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'Moving refugees' increase with spring personnel shuffles, industry labor shortages

Workers from Tokyo-based moving company Apple Inc. (Photo courtesy of Apple Inc.)

The period just before the start of the academic and fiscal year in April is prime moving season in Japan, but with labor shortages and work-style reforms, moving companies are taking less requests and fees are sky rocketing, creating more "moving refugees" unable to relocate to a new place on time.

    Last month, Junko Kameyama, 29, of Kawasaki's Miyamae Ward in Kanagawa Prefecture inquired with several moving companies online on the estimated cost of moving her family of four to her parents' home within the prefecture at the beginning of April. Her elder sister had made a move under roughly the same circumstances two years ago for about 80,000 yen. However, she was surprised to find that "many operators requested the moving dates be changed, and in some cases they charged as much as 400,000 yen."

    In the end, Kameyama contracted with the moving company with the lowest offer -- 93,000 yen -- but lamented, "There must be people who have no choice but to accept the high prices."

    From the beginning of March, claims related to moving fees have been flooding into the National Consumer Affairs Center of Japan, such as "the estimated cost was 1.5 million yen" and "I was billed 200,000 yen for a single person moving within the city." According to one employee at a major moving company, "Because we have to give priority to corporate contracts to assist personnel transfers, we don't have room to make contracts with individual customers."

    At mid-sized moving company Apple Inc. based in Tokyo's Chuo Ward, even now there is no end to the calls from customers requesting services during this bottleneck moving period. However, because of improved labor conditions in the delivery service industry, the company lost 10 percent of its some 70 drivers to career changes in the past year alone. The company has been left with no choice but to reduce the number of jobs it takes.

    "Last year, we only refused a dozen or so cases, but this year, that number has already exceeded 100 moves," a representative explained.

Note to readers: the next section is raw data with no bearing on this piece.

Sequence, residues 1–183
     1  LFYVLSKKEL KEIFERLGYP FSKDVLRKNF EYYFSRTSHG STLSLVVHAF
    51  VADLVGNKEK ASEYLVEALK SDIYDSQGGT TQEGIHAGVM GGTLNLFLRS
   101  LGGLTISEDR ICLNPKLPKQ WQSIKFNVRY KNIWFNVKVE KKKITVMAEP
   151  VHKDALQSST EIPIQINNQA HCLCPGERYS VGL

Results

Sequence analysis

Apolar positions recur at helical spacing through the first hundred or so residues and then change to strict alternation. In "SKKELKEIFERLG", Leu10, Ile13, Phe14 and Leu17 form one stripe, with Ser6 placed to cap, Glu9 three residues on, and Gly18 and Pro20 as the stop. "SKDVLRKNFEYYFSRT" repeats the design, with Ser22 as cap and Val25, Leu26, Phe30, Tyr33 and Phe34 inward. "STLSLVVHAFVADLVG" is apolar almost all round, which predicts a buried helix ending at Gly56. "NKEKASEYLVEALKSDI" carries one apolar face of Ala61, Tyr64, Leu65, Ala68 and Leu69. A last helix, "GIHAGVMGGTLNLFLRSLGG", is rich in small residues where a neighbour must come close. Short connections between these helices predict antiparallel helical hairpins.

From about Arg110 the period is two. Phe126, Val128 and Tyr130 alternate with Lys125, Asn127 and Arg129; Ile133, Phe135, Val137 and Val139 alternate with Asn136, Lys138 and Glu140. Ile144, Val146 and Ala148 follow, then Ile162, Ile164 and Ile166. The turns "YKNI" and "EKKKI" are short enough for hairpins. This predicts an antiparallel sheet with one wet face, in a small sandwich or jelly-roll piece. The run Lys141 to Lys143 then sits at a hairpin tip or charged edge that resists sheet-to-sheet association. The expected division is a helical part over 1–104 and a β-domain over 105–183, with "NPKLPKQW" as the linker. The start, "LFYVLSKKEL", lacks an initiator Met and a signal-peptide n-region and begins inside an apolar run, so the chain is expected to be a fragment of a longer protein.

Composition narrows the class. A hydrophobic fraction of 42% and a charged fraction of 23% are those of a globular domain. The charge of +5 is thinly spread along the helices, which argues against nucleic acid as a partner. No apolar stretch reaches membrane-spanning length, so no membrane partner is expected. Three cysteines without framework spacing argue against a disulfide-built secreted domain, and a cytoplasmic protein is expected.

As labor shortages become a reality across multiple industries, the moving sector has taken a particularly hard hit as the requirement of hard labor, such as moving heavy items like furniture and home appliances, has job-seekers avoiding it.

    Last year, the Osaka-based major moving company Art Corp. decreased the amount of orders it took by 20 percent compared to the previous year, citing "work-style reform." While the company has slightly increased the amount of contracts this year, it will not reach the number taken two years ago before the changes were made.

    The entire industry is stuck in a rut of not being able to meet consumer demand for services, and the Japan Trucking Association is calling for users to avoid the congested spring season.

    Companies that have shifted the time period for personnel transfers have also begun appearing. Since 2016, Tokyo-based national wedding venue operator Escrit has kept the appointment of personnel changes on the traditional date of April 1, but in order to avoid the busy period, has allowed its employees to shift their actual moving period around two weeks earlier or later than the official appointment date. If the employee has no choice but to stay in a hotel until they can move into their new residence, the company will shoulder the fees, but a representative said that the company has managed to hold down the cost of moving its workers about by half.

    "If the current approximately two-week period of maximum moving congestion was expanded even to roughly one month, the conditions would improve significantly," said Yuji Yano, a professor of logistics theory at Ryutsu Keizai University. "Both companies and individuals should cooperate and aim to spread the demand period."

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